St. Philip Lutheran Church
12 September 2021 + Lectionary 24b (Pent. 16)
Rev. Josh Evans
My recent road trip brought me safely from Chicago, through Indiana, Ohio, Pennsylvania. Next stop: New York. As I made my way through New Jersey – about to cross the George Washington Bridge into Manhattan – traffic that had been steadily moving along came to a screeching halt in the thick of New York City traffic. Even two decks of the bridge with a combined fourteen lanes of vehicles didn’t seem to help.
The sudden standstill traffic gave me a chance to take in the sights of the vehicles around me. Surely my Illinois license plate stuck out like a sore thumb in the sea of mostly New York and some New Jersey license plates. I also noticed, curiously, that none of the vehicles around me – at least none that I could see – had bumper stickers of any kind.
Which made me even more acutely aware of my own many bumper stickers – and what they say about me. In addition to window clings for my college and seminary, I also have – like some of you – a St. Philip magnet with the bold declaration: “Love > Hate.”
Back on the George Washington Bridge: As I’m attempting to navigate an unfamiliar city, paying attention to road signs and trying to change lanes as best I could, my inner road rage started to emerge – muttering things under my breath about my fellow drivers that I’ll leave to your imagination … things that aren’t exactly so harmonious with a “Love > Hate” bumper sticker. (Pastors are people, too!)
“The tongue is a fire,” the writer of James tells us. “With it we bless the Lord and Father, and with it we [also] curse those who are made in the likeness of God… From the same mouth come blessing and cursing.”
It’s unfortunate that this book gets such a poor reputation among Lutherans – so much so that Luther himself didn’t think it belonged in the canon – the official list of books – of the New Testament because it didn’t contain enough gospel.
“Can faith save you?” we read last week. Well, yes. That’s the good Lutheran answer, right? We are “saved by grace through faith.” But the writer of James isn’t so convinced: “Faith without works is dead,” James writes. You can see why, at first glance, James seems to be at odds with basic Lutheran theology.
Still, it’s unfortunate that this book gets such a poor reputation because in other places it’s so brutally – and perhaps even refreshingly – honest about the human condition.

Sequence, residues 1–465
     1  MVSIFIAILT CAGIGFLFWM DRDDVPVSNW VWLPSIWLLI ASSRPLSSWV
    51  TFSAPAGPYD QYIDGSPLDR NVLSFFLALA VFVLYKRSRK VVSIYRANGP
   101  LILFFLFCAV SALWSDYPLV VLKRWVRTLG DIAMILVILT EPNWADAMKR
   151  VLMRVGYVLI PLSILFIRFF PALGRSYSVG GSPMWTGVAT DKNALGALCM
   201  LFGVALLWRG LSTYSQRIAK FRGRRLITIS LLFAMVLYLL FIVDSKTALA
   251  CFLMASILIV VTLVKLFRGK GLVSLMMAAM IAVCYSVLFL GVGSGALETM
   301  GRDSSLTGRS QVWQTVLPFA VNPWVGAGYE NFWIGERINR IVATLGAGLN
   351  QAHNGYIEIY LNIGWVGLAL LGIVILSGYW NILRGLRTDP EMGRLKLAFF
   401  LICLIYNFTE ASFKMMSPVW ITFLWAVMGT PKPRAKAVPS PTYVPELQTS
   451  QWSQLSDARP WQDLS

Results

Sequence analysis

At its core, James highlights what the writer perceives to be “the critical distance between the head and the heart, between the idea of Jesus and his radical care for the other and the actions born out of the idea once it roots in our soul.” (Casey Thornburgh Sigmon) In other words: between what we like to think we believe and how we actually act. Or between what the bumper sticker says and what comes out of our mouth in rush hour traffic.
On the one hand, it’s easy to be left feeling ashamed when we hear passages like this. Shame is a mighty powerful emotion. It might leave us feeling hypocritical – like “bad” Christians – or just “bad” people in general.
But at the same time, this book – and, in particular, this short essay on the dangers of the unbridled tongue – is so brutally honest about the human condition that it is almost like grace in and of itself.
These words don’t have to conjure up overwhelming shame – and these words certainly shouldn’t be used against anyone to make them feel ashamed. (And, really, who among us could level that judgement at another person without being liable to have it come right back at us?)
Instead, the good news I hear is that when it feels like we can never live up to the ideals of our faith (or our aspirational bumper stickers), James reminds us that we will, inevitably, mess up and fall short. It’s not license to mess up – but it is okay – and more importantly, it gives us an opportunity to live more intentionally going forward. To lean into grace that gives us strength to keep going.
At the risk of making it sound like I’m suggesting it’s all up to us – our works alone – and thus proving Luther’s distaste for James – I want to be clear that it’s not.
Luther himself wrote about the place of works in the life of faith in his 1520 essay “The Freedom of a Christian.” In that essay, Luther reaffirms that we are indeed saved by grace through faith because of what God in Christ has done for us. And it is because of what God in Christ has done for us that we are compelled to joyfully and gratefully respond in acts of loving service to our neighbor. We love because God first loved us. James really isn’t at odds with Luther after all. Faith and works go hand-in-hand.
Today, in addition to Rally Day and the start of a new program year at St. Philip, we also celebrate “God’s Work, Our Hands” Sunday, along with congregations across the ELCA. The name itself is telling: It is God who works through us, as we are swept up in the work of repairing the world that God calls us to.
God’s work, our hands.
God’s work, our feet.
God’s work, our voice.
As the hymn we’ll sing this morning repeats:
Bless, God, our hands,
Bless, God, our feet,
Bless, God, our voice,
Bless, God, our lives,
as we share the good news of your gospel.
The writer of James reminds us that being called as God’s people in the world is a bit like playing with fire. The words we speak, the things we do, and the way we live have the potential to do fiery harm…
But they also have the greater potential to set the world ablaze with Holy Spirit fire – the light and life that shines brightly as a witness to the great love that God has for each and every one of us.
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